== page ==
Model-driven engineering (MDE), in general, and Domain-Specific Modeling Languages (DSMLs), in particular, are increasingly used to manage the complexity of developing applications in various domains. Although many DSML benefits are qualitative (e.g., ease of use, familiarity of domain con- cepts), there is a need to quantitatively demonstrate the benefits of DSMLs (e.g., quantify when DSMLs provide savings in development time) to simplify comparison and evaluation. This chapter describes how the authors conducted productivity analysis for the Distributed Quality-of-Service (QoS) Modeling Language (DQML). Their analysis shows (1) the significant productivity gain using DQML compared with alternative methods when configuring application entities and (2) the viability of quantitative pro- ductivity metrics for DSMLs.

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    Productivity Analysis of the Distributed QoS Modeling Language

    are qualitative, e.g., use of domain-specific enti- ties and associations that are familiar to domain experts, and visual programming interfaces where developers can manipulate icons representing domain-specific entities to simplify develop- ment. There is a lack of documented quantitative benefits for domain-specific modeling languages (DSMLs), however, that show how developers are more productive using MDE tools and how development using DSMLs yields fewer bugs.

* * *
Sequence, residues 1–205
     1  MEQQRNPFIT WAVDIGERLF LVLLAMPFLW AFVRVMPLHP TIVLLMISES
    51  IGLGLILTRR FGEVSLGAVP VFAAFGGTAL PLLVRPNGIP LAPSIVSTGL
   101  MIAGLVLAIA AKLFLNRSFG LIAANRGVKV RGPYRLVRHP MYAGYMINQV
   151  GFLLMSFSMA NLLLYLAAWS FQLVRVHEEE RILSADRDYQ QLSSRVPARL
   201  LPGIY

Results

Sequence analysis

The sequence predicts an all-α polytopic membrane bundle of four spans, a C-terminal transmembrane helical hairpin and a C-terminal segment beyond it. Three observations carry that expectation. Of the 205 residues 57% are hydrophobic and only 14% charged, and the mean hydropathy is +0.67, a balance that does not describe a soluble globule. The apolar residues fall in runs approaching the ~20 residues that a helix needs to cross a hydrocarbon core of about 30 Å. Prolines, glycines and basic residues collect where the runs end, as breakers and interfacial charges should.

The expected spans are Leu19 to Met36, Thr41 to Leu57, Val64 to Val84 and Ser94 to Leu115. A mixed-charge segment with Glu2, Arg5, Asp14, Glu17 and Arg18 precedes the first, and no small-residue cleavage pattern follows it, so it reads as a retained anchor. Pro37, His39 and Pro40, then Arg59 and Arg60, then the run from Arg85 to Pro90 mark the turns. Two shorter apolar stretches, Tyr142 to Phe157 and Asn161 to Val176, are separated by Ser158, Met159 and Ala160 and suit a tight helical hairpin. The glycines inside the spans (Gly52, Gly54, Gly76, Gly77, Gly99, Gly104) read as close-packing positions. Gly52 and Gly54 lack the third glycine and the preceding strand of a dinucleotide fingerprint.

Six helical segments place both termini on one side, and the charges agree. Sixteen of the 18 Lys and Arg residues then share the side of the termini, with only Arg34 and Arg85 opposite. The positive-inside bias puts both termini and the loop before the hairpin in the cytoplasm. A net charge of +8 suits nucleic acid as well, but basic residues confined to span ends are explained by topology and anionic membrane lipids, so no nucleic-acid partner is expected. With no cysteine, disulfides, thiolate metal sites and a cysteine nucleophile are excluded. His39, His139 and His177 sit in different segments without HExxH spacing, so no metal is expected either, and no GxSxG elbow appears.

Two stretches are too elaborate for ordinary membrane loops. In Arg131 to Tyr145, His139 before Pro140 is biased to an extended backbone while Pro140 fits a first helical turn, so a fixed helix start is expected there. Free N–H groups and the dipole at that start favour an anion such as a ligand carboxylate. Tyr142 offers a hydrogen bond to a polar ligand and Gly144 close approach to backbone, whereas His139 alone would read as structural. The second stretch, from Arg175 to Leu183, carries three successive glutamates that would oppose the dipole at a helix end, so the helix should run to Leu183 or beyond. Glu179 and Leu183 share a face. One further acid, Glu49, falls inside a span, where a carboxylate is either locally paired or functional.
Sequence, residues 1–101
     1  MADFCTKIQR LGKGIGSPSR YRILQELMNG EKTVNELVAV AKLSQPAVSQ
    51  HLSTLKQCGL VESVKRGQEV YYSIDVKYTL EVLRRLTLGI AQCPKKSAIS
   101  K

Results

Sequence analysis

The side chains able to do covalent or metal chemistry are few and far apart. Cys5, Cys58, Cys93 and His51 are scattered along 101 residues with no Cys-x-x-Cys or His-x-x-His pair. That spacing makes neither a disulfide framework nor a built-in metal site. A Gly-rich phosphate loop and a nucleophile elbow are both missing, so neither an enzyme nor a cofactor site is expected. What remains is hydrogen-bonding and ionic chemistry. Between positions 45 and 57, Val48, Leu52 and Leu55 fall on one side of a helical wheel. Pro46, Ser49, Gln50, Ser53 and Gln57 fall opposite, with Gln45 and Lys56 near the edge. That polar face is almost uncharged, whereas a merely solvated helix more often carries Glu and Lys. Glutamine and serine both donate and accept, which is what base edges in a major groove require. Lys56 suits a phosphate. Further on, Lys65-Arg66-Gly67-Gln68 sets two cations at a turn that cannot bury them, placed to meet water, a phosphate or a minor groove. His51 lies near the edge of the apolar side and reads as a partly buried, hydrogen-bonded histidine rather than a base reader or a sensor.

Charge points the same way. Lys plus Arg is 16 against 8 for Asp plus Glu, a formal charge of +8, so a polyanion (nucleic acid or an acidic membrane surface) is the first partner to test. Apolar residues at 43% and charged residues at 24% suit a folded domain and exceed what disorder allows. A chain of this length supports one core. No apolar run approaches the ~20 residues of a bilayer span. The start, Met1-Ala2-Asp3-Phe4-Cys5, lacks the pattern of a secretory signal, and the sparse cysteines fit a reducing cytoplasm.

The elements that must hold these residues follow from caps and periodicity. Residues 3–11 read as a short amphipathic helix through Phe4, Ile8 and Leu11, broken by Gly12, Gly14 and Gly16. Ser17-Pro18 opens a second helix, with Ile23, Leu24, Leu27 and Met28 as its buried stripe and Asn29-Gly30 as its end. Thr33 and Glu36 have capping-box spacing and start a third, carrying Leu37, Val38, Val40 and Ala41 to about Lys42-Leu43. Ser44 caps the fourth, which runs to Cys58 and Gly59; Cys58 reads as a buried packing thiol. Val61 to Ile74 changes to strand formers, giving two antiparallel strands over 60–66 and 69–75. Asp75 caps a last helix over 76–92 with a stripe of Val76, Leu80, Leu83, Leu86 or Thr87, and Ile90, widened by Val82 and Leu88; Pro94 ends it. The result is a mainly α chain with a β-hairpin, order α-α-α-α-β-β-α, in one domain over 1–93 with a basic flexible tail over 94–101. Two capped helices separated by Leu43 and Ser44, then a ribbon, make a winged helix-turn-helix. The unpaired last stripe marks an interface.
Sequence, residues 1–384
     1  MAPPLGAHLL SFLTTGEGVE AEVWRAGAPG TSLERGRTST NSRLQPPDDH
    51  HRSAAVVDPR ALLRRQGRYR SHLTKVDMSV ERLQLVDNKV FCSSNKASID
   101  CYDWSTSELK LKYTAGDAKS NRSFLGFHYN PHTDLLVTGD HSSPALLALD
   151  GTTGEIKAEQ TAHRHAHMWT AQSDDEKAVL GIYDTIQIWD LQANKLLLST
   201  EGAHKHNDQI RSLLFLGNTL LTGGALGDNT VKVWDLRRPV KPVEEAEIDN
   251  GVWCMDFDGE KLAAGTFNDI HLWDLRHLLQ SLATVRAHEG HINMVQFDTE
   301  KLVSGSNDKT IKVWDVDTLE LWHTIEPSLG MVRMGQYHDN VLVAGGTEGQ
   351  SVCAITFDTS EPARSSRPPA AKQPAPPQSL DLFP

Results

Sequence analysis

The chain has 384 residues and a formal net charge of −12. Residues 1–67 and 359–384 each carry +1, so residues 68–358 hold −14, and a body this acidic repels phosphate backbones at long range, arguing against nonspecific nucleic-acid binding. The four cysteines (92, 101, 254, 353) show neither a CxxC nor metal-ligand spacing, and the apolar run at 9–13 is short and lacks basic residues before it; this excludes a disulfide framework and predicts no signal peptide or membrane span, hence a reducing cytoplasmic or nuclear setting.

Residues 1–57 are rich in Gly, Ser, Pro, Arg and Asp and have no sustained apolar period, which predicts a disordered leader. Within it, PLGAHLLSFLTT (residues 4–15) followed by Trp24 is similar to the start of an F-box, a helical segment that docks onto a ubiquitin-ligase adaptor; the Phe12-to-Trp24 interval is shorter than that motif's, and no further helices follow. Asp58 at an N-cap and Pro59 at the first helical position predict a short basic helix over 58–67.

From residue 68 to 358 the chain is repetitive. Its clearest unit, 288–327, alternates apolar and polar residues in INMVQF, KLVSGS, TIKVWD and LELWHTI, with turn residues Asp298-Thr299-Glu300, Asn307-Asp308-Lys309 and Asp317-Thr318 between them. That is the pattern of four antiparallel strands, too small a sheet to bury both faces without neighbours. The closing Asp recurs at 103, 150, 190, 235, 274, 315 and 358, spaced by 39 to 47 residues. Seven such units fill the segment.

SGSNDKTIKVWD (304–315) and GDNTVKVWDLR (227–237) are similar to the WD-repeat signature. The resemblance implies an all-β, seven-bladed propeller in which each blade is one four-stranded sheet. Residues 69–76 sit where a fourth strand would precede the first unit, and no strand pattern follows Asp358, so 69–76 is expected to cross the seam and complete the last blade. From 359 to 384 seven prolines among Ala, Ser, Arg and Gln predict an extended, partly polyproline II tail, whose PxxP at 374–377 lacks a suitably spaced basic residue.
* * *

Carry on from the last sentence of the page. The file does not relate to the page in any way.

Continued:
Conventional techniques for quantifying the benefits of MDE in general (e.g., comparing user- perceived usefulness of measurements for devel- opment complexity (Abrahao and Poels, 2007, 2009)) and DSMLs in particular (e.g., comparing elapsed development time for a domain expert with and without the use of the DSML (Loyall, Ye, Shapiro, Neema, Mahadevan, Abdelwahed, Koets, & Varner, 2004)) involve labor-intensive and time-consuming experiments. For example, control and experimental groups of developers may be tasked to complete a development activity during which metrics are collected (e.g., number of defects, time required to complete various tasks). These metrics also often require the analysis of domain experts, who may be unavailable in many production systems.

    Even though DSML developers are typically responsible for showing productivity gains, they often lack the resources to demonstrate the quan- titative benefits of their tools. One way to address this issue is via productivity analysis, which is a lightweight approach to quantitatively evaluating DSMLs that measures how productive develop- ers are, and quantitatively exploring factors that influence productivity (Boehm, 1987; Premraj, Shepperd, Kitchenham, & Forselius, 2005). This chapter applies quantitative productivity measure- ment using a case study of the Distributed QoS Modeling Language (DQML), which is a DSML for designing valid QoS policy configurations and transforming the configurations into correct-by- construction implementations. Our productivity analysis of DQML shows significant productivity